Krishnaswamy was also recently interviewed by Technical.ly Baltimore about her experience using a telepresence devise and her vision for how robots can help people with disabilities. Click here to read “This UMBC Ph.D. candidate will change your mind about robots.”
Earlier this week, UMBC CyberDawg Christopher Gardner ’18, computer science, took first place out of approximately fifty competitors at Booz Allen Hamilton’s Kaizen Capture The Flag event held at the Jailbreak Brewing Company in Laurel, MD.
The event focused around navigating through a series of progressively harder cybersecurity obstacles. The challenge’s theme centered around a narrative that competitors were assisting the FBI in finding and then defusing a bomb. Competitors needed to complete a series of increasingly harder challenges to locate clues and other information, such as examining an Android .apk to find a wireless access point password, finding the login page for an website’s administration panel, and gaining access to a web server’s log directory.
Congratulations again to Christopher and to all of the CyberDawgs who competed.
A team of professors and students across several disciplines have worked together to develop “Bandit,” a video game in which players control a fox that navigates the streets during Civil War-era Baltimore. The game is one of two developed this semester in Computer Science and Electrical Engineering Professor Marc Olano’s game development class. The group collaborated with students in the history department and Anne Rubin, an associate professor of history, to develop viewpoints of diverse actors in the Pratt Street Riots.
The work was featured in a Daily Record article published on May 19: “The game-design students initially pitched several game ideas to the history class, and Rubin said she and her history students were fond of a proposed mystery-style game because they thought it would lend itself more readily to the teaching of history. But the animal-focused game was the most feasible to produce, so that became the choice. ‘We’re really happy with how this turned out,’ Rubin said.”
To read about the Bandit video game presentation at URCAD 2015, click here. To read the article “At UMBC, a taste of professional life for game designers” in the Daily Record, click here (subscription required). For additional coverage in Baltimore Tech, click here.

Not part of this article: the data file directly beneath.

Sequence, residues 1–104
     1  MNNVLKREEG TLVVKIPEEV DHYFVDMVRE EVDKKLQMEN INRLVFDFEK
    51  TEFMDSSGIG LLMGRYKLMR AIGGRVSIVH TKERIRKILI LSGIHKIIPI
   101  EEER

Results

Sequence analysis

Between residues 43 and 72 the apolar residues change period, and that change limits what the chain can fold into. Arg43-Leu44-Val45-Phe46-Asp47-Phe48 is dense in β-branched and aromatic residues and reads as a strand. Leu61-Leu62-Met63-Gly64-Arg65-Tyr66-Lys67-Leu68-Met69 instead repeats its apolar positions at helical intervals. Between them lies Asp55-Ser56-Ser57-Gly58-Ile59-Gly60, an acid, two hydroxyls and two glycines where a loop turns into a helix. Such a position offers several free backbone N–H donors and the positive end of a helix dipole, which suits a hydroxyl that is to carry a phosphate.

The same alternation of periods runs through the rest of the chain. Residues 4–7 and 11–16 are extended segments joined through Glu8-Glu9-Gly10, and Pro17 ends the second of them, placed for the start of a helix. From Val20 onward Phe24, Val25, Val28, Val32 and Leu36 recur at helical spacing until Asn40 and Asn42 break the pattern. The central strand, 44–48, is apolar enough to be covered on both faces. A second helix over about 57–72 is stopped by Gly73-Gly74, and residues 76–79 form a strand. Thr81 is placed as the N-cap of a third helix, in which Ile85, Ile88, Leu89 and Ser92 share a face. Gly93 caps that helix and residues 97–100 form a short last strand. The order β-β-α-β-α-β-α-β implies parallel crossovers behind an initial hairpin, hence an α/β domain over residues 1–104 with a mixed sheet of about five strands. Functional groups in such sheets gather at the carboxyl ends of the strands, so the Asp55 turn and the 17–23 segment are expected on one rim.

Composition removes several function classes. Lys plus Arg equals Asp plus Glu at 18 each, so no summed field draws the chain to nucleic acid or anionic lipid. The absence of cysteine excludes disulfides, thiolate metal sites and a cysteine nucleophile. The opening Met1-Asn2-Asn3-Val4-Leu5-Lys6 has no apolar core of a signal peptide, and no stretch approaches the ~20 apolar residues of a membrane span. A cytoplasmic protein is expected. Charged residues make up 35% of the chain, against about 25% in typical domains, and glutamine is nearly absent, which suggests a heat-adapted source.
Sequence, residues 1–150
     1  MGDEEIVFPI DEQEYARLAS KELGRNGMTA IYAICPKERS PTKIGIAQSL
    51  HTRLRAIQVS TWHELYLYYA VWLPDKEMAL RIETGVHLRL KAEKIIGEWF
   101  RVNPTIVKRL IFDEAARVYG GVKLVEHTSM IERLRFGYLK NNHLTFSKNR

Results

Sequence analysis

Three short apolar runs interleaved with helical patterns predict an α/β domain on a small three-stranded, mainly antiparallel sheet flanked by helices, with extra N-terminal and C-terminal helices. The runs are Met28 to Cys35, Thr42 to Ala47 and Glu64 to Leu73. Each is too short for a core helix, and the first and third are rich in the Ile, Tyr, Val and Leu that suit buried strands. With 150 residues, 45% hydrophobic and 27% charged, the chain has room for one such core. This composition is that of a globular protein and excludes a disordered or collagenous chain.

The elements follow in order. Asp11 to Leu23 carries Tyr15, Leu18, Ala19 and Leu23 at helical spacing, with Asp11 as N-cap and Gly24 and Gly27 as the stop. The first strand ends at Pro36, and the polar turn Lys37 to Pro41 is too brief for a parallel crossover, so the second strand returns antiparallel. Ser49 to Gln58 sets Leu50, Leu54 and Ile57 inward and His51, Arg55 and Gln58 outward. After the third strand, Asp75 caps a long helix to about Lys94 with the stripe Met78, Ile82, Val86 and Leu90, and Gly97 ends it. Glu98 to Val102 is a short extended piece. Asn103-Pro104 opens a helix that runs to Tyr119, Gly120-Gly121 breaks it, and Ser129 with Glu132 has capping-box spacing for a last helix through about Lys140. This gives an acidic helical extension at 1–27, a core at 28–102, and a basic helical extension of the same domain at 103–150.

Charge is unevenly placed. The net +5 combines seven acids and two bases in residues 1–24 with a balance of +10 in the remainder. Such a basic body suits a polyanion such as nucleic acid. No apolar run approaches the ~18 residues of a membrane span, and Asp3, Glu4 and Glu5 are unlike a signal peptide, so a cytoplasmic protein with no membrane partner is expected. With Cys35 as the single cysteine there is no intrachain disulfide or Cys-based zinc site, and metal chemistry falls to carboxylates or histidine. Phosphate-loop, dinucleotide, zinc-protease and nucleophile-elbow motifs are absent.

Cynthia Matuszek, CSEE, was interviewed on Spark about her research on gender representation on Google Image Search. Spark is a show on CBC radio that explores the topics of technology and trends.
Matuszek described what inspired her and colleagues at the University of Washington to study gender representation across various professions on Google Images and discussed the study’s results. Matuszek found women are often underrepresented in images search results for different professions and portrayed in stereotypical ways.
Click here to listen to Matuzsek’s interview on CBC Radio.
Matuzsek’s research was also referenced in an article about a Google search result for jokes. Click here to read “Something Truly Unfunny Happened When You Googled the Word ‘Joke'” on Mic.
Penny Rheingans, director of The Center for Women in Technology (CWIT), Susan Martin, associate director of CWIT, Carolyn Seaman, information systems, and E.F. Charles LaBerge, computer science and electrical engineering, recently received a $632,488 grant from the National Science Foundation to support transfer scholars in computer science, computer engineering, and information systems.
The grant will continue the work of the Transfer Scholars in Information Technology and Engineering (T-Site) program. The program provides scholarship funds, academic and professional programming, and a supportive community to encourage transfer student success in computing majors. The program is open to transfer students from Maryland community colleges.
Click here to learn more about the T-Site Scholars program.